I was not convinced he had it in him. But Eminem took the opportunity during the recent BET Awards to reacquaint hip-hop with its core tenets. He free-styled a brutally impassioned topical discourse. And he did so for no personal gain that I can readily ascertain. In fact, the superstar risked alienating a healthy portion of his fan base.
Or maybe not. Perhaps the people Eminem alienated via his elegantly flowing anti-Trump rant were people who don’t listen to hip-hop anyway. Perhaps these are some of the very people who get their knickers all knotted up every year, right around the time the Rock and Roll Hall of Fame announces its list of nominees for the incoming class, and a rap legend makes the cut.
I'll paraphrase, because I've received so many letters and had so many real-time conversations with folks of this persuasion that I know what's coming before they even start. "Hip Hop is not Rock 'n' Roll, and doesn't belong in the Rock Hall." Yadda Yadda Yadda.
Technically, they're right, I suppose. But unless the Rock and Roll Hall of Fame was going to limit itself to a cut-off point of, say, 1965, this was never going to be solely about the strict definition of rock 'n' roll.
At this point, we have jazz, blues, folk, country, singer-songwriter, metal, alternative, pop, progressive rock, funk, soul, R&B and reggae artists in the Hall, none of whom could, strictly speaking, be said to be purveyors of rock 'n' roll. And yet, I've heard very few complaints about any of this.
Once hip-hop got in there, people started freaking out, however. Ask yourself why that might be. Come up with your own answer. Hopefully an honest one.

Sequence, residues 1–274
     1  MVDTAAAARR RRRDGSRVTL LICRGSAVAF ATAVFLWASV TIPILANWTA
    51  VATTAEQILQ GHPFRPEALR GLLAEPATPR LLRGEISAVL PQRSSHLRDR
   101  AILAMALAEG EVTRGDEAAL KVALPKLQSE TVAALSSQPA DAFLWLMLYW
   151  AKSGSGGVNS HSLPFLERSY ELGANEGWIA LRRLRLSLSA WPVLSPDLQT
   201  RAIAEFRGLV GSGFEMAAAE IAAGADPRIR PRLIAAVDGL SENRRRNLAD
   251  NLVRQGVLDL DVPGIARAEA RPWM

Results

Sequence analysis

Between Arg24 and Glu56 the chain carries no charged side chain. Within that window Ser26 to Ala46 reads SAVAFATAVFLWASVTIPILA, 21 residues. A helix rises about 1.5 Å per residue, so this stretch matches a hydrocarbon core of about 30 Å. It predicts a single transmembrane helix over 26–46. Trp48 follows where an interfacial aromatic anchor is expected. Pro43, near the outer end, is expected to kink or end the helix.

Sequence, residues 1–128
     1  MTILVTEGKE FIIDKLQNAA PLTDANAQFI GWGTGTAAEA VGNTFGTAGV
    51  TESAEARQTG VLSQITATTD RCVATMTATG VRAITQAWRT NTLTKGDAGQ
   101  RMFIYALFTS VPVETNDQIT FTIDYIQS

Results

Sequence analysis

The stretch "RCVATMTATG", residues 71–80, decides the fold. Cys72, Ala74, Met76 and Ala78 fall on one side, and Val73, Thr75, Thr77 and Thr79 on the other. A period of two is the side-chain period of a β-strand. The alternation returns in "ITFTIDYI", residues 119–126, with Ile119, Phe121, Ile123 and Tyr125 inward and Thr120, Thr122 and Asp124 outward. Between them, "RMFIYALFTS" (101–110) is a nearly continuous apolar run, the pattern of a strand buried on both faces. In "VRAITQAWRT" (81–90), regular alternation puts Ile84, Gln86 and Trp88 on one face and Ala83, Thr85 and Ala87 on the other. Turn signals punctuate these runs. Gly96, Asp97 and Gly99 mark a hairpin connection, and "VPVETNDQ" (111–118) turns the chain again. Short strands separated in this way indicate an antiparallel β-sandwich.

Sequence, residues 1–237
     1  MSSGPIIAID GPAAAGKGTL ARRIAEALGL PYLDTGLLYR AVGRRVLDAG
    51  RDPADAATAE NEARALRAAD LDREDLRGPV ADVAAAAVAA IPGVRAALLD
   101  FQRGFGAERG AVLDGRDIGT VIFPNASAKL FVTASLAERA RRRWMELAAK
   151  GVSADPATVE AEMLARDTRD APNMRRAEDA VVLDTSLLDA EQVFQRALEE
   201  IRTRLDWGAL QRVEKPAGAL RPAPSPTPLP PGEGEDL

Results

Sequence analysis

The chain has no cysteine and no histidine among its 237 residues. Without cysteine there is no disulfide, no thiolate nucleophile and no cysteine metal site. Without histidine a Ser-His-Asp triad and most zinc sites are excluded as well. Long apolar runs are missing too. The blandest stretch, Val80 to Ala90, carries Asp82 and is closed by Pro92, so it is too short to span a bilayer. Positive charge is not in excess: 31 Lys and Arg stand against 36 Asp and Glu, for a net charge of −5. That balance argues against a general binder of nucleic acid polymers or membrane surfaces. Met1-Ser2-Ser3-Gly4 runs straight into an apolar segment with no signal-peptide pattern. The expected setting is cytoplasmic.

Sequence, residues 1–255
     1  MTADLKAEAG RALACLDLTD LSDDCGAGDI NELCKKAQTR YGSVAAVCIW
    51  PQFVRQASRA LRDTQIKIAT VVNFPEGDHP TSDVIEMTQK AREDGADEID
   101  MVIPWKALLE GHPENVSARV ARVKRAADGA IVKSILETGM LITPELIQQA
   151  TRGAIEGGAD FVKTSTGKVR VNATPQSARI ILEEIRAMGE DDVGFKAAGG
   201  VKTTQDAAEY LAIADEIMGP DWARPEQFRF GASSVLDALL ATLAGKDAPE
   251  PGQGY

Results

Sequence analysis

The backlash against Eminem's "The Storm" was immediate and severe, as one would expect. The man's rage was palpable, and if it crept into the great American living room, it quite likely scared the hell out of a lot of people.
It's my guess that most of the people so offended by Eminem's words didn't catch the initial BET broadcast, however. They likely saw it in snippets, after it had already been digested, decoded and re-contextualized by a partisan talking head of one variety or another. The fact that he is white, not African-American, might have been confusing for them, but the message this white rapper delivered was not.
This vicarious, second-hand mode of interacting with American culture that is so pervasive tells us a lot about the anti-hip-hop mentality. By the time this music is reaching the mainstream via secondary sources, and those who are unfamiliar with the form are fomenting a bit of righteous rage regarding something they quite likely know nothing about, it's already too late.
Hip-hop doesn’t need the approval of people who have never listened to it, and are still leaning on the old "It's not even music, it's just talking and a beat" standard. Hip-hop doesn't need the Rock and Roll Hall of Fame, either. What it needs is for a major artist like Eminem to do exactly what he did during the BET broadcast.
Rock once performed the role Eminem inhabited the other night. In the dawning days of the form, your Perry Comos and Pat Boones and even, unfortunately, your Frank Sinatras were railing against rock, claiming it wasn't music at all, but rather, the beat-driven anti-society rantings of a tribe of ruffians out to destroy the country. Sound familiar?
The hard truth is that, with few exceptions, rock and pop have become today's version of Perry Como. And hip-hop is taking over rock 'n' roll's role. At its best, through the work of the genre's finest artists, it's the culture-shaking sound of resistance, rebellion, reinvention and rage. It seeks to speak truth to power. And that is totally rock 'n' roll.